If you’ve been assessed as needing permanent residential care and you own a property, which was your normal or main home, consideration has to be given as to whether that property needs to be included within your financial assessment. In some circumstances your property will not be included within the financial assessment.
There are several circumstances when your property will be disregarded. The circumstances which result in your property being disregarded are listed below.
Automatic property disregard
Where one of the following people had lived in the property as their main home, continuously since before you moved into residential care by:
- your partner, former partner or civil partner, except if you are estranged from that person
- a lone parent who is your estranged or divorced partner
- a relative of yours who is over 60
- your child and aged under 18.
A relative is defined as:
- a parent or parent-in-law
- son or son-in-law
- daughter or daughter-in-law
- stepson or stepdaughter
- brother or sister
- spouse, civil partner or unmarried partner of any of the above relatives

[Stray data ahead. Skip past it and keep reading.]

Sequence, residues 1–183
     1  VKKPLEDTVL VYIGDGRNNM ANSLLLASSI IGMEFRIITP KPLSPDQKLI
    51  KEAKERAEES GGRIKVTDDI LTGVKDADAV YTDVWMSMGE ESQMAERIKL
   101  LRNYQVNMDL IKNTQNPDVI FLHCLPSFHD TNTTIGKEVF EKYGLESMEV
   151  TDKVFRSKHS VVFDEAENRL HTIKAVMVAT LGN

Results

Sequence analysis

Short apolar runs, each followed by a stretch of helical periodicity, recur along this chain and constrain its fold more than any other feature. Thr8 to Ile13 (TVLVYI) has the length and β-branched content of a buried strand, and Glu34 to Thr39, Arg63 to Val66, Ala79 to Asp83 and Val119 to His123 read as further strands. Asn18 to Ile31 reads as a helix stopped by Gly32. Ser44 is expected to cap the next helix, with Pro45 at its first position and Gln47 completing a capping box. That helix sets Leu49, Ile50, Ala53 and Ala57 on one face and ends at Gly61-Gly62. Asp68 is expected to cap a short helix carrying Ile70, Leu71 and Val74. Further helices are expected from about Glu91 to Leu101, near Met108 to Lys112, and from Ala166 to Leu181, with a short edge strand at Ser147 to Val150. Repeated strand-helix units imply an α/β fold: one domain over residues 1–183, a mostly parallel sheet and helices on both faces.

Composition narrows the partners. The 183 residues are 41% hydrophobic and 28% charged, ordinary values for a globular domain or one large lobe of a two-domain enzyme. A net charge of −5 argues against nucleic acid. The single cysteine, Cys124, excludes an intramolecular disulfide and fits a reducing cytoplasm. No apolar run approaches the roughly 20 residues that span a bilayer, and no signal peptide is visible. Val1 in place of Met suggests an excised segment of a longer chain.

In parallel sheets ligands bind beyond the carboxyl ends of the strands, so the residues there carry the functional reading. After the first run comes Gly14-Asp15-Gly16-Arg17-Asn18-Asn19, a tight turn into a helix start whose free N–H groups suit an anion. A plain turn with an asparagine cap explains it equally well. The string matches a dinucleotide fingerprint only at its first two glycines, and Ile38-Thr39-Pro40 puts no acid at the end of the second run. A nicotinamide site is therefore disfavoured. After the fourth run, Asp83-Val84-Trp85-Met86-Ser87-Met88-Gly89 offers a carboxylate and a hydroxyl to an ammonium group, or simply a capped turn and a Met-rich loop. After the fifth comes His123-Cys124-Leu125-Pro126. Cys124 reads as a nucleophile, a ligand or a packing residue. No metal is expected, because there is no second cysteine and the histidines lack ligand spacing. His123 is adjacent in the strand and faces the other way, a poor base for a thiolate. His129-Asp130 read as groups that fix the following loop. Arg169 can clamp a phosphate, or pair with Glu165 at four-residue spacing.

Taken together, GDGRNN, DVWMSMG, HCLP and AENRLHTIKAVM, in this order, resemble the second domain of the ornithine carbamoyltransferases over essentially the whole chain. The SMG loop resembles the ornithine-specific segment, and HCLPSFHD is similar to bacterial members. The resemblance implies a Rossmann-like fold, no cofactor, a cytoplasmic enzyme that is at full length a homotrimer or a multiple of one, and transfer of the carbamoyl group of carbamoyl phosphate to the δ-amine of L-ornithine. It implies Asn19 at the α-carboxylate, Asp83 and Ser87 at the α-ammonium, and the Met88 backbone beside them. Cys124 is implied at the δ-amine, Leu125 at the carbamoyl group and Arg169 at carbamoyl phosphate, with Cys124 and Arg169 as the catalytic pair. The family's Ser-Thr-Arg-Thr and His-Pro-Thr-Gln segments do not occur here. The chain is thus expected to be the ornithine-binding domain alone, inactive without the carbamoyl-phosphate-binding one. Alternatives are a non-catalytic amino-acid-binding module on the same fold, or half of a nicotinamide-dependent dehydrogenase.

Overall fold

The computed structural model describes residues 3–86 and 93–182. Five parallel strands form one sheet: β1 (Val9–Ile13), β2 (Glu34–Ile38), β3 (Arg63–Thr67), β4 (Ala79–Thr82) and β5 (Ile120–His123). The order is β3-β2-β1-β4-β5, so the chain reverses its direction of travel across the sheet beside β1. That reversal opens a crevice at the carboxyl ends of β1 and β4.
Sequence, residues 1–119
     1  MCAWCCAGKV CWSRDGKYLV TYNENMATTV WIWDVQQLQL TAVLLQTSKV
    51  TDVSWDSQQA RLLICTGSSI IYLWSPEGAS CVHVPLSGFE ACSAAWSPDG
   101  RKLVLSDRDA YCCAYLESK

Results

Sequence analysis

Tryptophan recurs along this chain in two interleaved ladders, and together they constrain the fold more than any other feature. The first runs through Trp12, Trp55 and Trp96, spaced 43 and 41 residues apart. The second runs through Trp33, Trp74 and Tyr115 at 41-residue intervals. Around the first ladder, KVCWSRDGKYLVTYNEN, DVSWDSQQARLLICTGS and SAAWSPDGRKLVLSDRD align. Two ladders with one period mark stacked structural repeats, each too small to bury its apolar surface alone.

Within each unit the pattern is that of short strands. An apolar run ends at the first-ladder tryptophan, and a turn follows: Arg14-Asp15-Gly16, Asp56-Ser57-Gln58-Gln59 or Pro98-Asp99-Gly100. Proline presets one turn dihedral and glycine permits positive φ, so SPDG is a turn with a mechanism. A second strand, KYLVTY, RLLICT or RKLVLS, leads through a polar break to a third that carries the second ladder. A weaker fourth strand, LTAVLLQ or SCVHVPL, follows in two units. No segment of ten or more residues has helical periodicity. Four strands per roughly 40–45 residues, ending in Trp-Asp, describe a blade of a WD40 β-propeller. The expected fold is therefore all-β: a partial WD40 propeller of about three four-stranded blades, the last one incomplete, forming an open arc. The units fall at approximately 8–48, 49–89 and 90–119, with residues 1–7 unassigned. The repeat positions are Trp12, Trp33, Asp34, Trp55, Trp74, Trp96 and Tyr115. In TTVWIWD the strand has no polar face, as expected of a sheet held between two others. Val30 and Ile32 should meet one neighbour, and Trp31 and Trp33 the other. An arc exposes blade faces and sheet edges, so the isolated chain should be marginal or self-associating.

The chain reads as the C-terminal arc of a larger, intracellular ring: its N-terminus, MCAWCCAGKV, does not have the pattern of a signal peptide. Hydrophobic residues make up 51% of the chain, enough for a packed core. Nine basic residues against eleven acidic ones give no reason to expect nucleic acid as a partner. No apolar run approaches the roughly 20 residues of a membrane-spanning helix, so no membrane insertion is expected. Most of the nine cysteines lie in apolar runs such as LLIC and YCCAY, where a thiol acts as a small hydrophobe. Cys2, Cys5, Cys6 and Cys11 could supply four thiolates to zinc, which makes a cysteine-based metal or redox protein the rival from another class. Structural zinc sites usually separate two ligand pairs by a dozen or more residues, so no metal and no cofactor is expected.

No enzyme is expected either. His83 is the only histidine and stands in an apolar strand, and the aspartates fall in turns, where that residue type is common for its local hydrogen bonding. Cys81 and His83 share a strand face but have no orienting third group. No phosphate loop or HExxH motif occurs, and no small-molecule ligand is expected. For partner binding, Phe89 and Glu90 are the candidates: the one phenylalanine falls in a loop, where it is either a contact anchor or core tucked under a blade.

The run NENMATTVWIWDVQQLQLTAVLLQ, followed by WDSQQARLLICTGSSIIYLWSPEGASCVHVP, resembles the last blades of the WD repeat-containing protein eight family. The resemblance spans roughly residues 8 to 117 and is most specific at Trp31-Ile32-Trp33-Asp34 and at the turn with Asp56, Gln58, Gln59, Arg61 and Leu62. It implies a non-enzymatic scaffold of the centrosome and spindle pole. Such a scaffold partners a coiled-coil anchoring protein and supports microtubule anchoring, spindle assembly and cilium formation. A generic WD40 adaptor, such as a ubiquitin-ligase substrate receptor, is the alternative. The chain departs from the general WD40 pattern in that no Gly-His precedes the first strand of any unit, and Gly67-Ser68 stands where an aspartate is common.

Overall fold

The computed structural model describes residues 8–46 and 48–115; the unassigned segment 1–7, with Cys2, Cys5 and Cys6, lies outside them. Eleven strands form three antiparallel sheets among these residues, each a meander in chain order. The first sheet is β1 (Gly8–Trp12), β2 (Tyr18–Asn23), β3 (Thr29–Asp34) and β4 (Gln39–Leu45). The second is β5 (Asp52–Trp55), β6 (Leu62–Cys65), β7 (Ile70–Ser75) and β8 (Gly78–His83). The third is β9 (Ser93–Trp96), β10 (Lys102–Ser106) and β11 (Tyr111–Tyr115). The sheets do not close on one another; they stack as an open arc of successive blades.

- uncle or aunt
- nephew or niece.
Mandatory property disregard
If your property cannot be automatically disregarded indefinitely, then the property may be disregarded for 12 weeks in certain circumstances. This is where you’re in permanent residential care and all your other assets are below the lower capital limit - currently £23,250.
This may apply when you first enter a care home as a permanent resident or when the automatic property disregard has unexpectedly ended because your relative has died or moved into a care home.
Discretionary property disregard
We may consider a 12-week disregard where there has been a sudden and unexpected change in your financial circumstances.
An example of this may be that you were paying for your care in a home without our financial assistance and then due to a stock market crash you lose a substantial amount of money meaning you are unable to continue meeting the cost of your care.